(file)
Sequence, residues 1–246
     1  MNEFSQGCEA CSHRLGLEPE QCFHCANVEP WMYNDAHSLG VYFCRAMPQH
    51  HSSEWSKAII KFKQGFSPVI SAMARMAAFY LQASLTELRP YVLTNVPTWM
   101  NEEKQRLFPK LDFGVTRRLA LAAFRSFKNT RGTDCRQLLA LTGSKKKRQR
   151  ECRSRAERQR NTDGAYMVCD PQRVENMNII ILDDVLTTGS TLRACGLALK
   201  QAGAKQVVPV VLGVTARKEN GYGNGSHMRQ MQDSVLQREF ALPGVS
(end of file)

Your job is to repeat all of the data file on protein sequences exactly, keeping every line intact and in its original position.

Sequence, residues 1–246
     1  MNEFSQGCEA CSHRLGLEPE QCFHCANVEP WMYNDAHSLG VYFCRAMPQH
    51  HSSEWSKAII KFKQGFSPVI SAMARMAAFY LQASLTELRP YVLTNVPTWM
   101  NEEKQRLFPK LDFGVTRRLA LAAFRSFKNT RGTDCRQLLA LTGSKKKRQR
   151  ECRSRAERQR NTDGAYMVCD PQRVENMNII ILDDVLTTGS TLRACGLALK
   201  QAGAKQVVPV VLGVTARKEN GYGNGSHMRQ MQDSVLQREF ALPGVS